Art Career “Hotlines”


I keep in touch with a lot of my students, and it’s always fun when they get in touch with me and let me know what they’re up to. I’ve been teaching long enough that my former students are at a huge range of stages in their careers; some just graduated, several are in MFA programs, and many have been working professionally for many years now.

That also means that I tend to get many panicked phone calls from former students when they are having a crisis about their career path. A lot of students think they are the only ones struggling, and some confess that they feel embarrassed that their careers aren’t further along.  It’s easy to look at your peers on social media and assume they are living these amazing art careers.  I know from talking to so many students though that that is rarely the case, and that actually, most artists struggle with similar issues.

A former student called me last week, they had been out of art school for a few years and felt that they were at an impasse. At one point, they told me about a student who was in their class at art school whose career was taking off like a rocket. As if they weren’t struggling enough with their career, seeing someone else the same age and with the same art school degree was just adding more salt to the wound.

That’s when I confessed that I had experienced a similar situation:  a peer my age, who had a meteoric rise into the art world when they were really young. I won’t get into any details since you’ll probably be able to figure out who it is if I do, but let’s just say that my peer’s career got a boost that will never be in the cards for me. I’ll admit that when I think about this peer, it still makes me seethe with jealousy, but you have to learn to cope with it or you’ll drive yourself nuts.

One of my best coping mechanisms is figure out who my “hotlines” are. I have a “hotline” for every part of my life. I have a friend who is my “hotline” for parenting concerns, and several “hotlines” for my artistic concerns. I explained to the former student that there is no shame in asking for help, and that you cannot build an art career by yourself.  You need that support system to put things in perspective so you don’t end up self flagellating all the time.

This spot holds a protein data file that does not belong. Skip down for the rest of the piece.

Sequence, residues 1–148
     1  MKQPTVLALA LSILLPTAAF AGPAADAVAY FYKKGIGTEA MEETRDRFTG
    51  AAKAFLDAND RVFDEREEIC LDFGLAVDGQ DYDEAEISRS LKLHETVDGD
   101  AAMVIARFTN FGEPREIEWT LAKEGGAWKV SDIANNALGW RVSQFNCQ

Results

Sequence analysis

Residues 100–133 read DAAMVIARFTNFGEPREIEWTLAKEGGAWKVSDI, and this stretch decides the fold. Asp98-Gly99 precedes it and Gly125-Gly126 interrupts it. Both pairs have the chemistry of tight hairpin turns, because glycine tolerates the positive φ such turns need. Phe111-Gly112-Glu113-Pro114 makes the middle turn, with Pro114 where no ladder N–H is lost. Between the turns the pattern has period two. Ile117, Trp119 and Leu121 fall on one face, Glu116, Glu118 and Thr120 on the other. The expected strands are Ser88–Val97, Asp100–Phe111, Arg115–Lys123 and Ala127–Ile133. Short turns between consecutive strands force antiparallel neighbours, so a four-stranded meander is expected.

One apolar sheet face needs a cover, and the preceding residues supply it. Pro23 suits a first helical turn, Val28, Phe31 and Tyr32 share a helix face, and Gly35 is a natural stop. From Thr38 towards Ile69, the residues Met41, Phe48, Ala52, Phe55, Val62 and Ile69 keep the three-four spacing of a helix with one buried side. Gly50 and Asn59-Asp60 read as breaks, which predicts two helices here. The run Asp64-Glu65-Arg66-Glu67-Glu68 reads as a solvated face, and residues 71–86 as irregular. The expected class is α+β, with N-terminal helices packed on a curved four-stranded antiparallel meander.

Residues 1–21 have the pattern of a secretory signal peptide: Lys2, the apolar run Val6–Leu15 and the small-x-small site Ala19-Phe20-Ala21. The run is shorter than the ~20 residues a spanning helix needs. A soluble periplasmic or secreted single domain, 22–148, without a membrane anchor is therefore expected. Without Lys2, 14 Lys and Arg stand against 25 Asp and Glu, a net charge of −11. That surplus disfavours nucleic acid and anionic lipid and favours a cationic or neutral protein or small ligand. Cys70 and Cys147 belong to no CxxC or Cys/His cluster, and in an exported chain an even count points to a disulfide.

To be clear, a “hotline” has to be someone who is much older than you. Yes, it’s great to have peers who you can talk to about your artistic practice, but it’s not the same as talking to someone who has 20 years more experience than you! That experience they have will give you the reassurance that no, you’re not crazy to feel the way you do, and that yes, there are solutions to what you’re worried about.

So if you’re struggling, find out who your art “hotline” is, and remember, it takes a village!

3 thoughts on “Art Career “Hotlines”

  1. Hi, I can relate to the struggles of attempting an art career. When I graduated RISD I went to NY to show publishers my work. I received complements but not work. I had some freelance commercial work, like from publishers, but not much. And, most of the time I was told to gif off; figuratively speaking. Most of my work had been admin. in nature. My longest time in a company had been 8 yrs.; 4 yrs. data entry & 4 yrs. call center and I’d go home sapped of creativity. I felt dull and wanted an admin. job that allowed me to think more. I went for a paralegal certificate; made the dean’s list. I found law interesting. However, the work I had received didn’t even touch my paralegal education. So now I’m stepping back. With two frenetic dogs, at home with my parents, it is difficult to commute without being able to check in on my dogs who can overwhelm my mom. I’ve been working on illustrations for a children’s story. It’s really dragging for me. But I’m pushing through it because I know if I come to an aesthetic point that I’ll start to fly with it. Christine

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